BEIRUT: The Future parliamentary bloc slammed Tuesday recent remarks by Syria’s envoy to Lebanon on Damascus’s readiness to respond to sources of fire from across the border with Lebanon and accused Lebanon’s foreign minister of working against the country’s interests.
It also reiterated its call for the formation of a neutral government to oversee the upcoming polls and said it would work toward agreement on a electoral law that sees Lebanon out of its political crisis.
“We denounce in the strongest possible terms the remarks by Syria’s envoy in Lebanon ... in which he affirmed, in an despicable manner, the regime’s readiness ... to violate Lebanon’s sovereignty and launch aggression against Lebanese villages and towns on the northern border,” the bloc said in a statement.
Syrian Ambassador Ali Abdel-Karim Ali, after a meeting with Lebanon’s foreign minister over the weekend, said his government would continue to respond to sources of fire from across the border with Lebanon as a part of standard procedures, days after Lebanese officials urged Damascus to halt the shelling of border villages.
The Future bloc also slammed Lebanon’s Foreign Minister Adnan Mansour, saying he had ignored instructions from President Michel Sleiman and Prime Minister Najib Mikati.
“We cannot keep quiet on the foreign minister’s repeated disregard of requests from the president and prime minister and his insistence on working against the interests of the Lebanese,” it said.
Mansour was tasked by Mikati to protest to Syrian authorities over the recent shelling of northern border villages that killed a number of Lebanese nationals.
Speaking to reporters over the weekend, Ali denied he had been summoned by Mansour and said he had requested the meeting.
The opposition bloc also criticized remarks by Iraq’s prime minister that the fall of the Syrian regime would lead to sectarian conflicts in Lebanon and Iraq.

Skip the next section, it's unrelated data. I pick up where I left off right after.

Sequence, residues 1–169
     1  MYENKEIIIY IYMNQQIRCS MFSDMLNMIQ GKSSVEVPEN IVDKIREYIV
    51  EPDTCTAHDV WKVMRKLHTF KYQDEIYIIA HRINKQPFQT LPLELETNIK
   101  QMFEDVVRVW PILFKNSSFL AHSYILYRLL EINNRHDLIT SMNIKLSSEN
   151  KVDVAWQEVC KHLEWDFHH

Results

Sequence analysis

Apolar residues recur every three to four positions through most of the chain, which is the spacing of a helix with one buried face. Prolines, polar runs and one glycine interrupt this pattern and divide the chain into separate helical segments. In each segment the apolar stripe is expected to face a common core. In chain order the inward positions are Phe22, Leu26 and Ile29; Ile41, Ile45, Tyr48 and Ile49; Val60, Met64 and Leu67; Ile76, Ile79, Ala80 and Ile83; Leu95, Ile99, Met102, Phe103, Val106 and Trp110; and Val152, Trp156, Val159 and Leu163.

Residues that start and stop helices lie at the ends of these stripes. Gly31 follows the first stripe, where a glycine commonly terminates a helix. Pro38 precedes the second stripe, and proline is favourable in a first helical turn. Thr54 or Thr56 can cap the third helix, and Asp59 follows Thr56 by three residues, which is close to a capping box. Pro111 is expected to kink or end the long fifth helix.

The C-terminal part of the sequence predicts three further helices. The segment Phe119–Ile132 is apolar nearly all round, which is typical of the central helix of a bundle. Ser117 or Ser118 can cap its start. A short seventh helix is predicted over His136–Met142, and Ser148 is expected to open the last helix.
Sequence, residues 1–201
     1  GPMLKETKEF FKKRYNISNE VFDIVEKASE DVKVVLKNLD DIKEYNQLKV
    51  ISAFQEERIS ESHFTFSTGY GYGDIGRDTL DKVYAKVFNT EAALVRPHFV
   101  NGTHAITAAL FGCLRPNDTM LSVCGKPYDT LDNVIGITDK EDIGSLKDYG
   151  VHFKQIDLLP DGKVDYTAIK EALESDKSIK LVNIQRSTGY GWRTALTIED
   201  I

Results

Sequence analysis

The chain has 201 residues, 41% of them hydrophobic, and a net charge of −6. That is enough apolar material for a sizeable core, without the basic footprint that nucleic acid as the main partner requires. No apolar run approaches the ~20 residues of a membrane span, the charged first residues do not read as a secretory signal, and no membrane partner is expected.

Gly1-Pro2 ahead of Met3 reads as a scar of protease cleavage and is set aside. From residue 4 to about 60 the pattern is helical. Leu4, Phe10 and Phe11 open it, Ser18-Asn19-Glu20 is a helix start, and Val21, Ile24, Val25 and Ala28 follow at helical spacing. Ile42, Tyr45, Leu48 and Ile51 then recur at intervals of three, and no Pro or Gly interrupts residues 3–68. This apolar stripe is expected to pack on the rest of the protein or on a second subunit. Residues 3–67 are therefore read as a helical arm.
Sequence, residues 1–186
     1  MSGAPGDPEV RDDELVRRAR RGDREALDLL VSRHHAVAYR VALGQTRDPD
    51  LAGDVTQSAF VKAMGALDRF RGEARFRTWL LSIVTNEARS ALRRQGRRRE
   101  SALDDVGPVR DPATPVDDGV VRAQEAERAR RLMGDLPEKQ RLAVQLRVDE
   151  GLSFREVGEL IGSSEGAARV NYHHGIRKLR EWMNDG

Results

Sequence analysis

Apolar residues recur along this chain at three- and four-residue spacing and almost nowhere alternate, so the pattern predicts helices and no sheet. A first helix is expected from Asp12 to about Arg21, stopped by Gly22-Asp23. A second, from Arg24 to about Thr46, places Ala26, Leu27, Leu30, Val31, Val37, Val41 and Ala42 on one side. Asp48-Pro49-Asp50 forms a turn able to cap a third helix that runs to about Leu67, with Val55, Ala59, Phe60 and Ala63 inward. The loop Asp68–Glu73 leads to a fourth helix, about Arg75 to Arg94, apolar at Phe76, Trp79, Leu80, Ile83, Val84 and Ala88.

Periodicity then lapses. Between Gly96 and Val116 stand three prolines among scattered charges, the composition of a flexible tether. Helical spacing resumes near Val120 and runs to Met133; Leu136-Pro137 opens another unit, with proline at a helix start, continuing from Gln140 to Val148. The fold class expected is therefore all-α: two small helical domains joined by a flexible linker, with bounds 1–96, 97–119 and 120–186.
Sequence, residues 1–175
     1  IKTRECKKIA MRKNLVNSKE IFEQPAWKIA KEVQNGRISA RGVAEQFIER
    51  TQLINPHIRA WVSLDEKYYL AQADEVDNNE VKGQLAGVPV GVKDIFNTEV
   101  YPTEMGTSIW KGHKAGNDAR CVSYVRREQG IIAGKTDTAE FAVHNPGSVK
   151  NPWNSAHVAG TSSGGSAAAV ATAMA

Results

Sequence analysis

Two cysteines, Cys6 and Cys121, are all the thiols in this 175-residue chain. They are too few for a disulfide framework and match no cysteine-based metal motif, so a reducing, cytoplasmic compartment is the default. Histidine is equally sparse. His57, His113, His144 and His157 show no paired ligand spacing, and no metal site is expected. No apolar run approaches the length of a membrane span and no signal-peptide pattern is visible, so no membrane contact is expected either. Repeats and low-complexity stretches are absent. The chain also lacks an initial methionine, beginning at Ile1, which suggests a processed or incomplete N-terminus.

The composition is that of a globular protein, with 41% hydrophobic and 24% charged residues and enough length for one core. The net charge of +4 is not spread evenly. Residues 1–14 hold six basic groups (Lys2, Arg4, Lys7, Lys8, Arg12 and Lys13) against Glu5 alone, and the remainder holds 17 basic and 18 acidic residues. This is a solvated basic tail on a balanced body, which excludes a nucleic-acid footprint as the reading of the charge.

“[We regret] that this statement was issued from an Arab official,” it said.
“The fall of the regime in Syria is a matter that the Syrian people will decide and not any other side and there is no need for the scenarios that hint of threats and blackmail,” it said.
In an interview last week, Iraqi Prime Minister Nuri al-Maliki warned that sectarian wars would ensue in Lebanon and Iraq should Syrian rebels defeat President Bashar Assad in the nearly two-year crisis.
In its statement Tuesday, the Future parliamentary bloc also said it was ready to work on an electoral proposal to end the political crisis in Lebanon and reiterated its call for a neutral government to oversee the upcoming elections.
“We are open to dialogue on any law that represents an exit from the present crisis,” the group said, expressing hope that “efforts by relevant sides continue to reach an electoral formula that secures the interests of all and protects liberty, freedom of speech and fair representation.”
“[However], we cannot reach these types of solutions except under a neutral Cabinet that safeguards the country from this level of tension ... and provides a positive shock in preparation for a different stage that is capable of acclimatizing and responding to the dangerous developments in the region,” it said.
The parliamentary bloc noted that it had put forward proposals and solutions, including the initiative by former Prime Minister Saad Hariri, to end the stalemate over an electoral law.
In February Hariri put forward an electoral draft law that divides Lebanon into small districts based on a winner-takes-all system and stipulates the establishment of a senate, as outlined in the 1989 Taif Accord, made up of the country’s various religious figures.
Hariri, who opposes the Orthodox Gathering proposal, argued that his draft would address the concerns of both Christians and Muslims.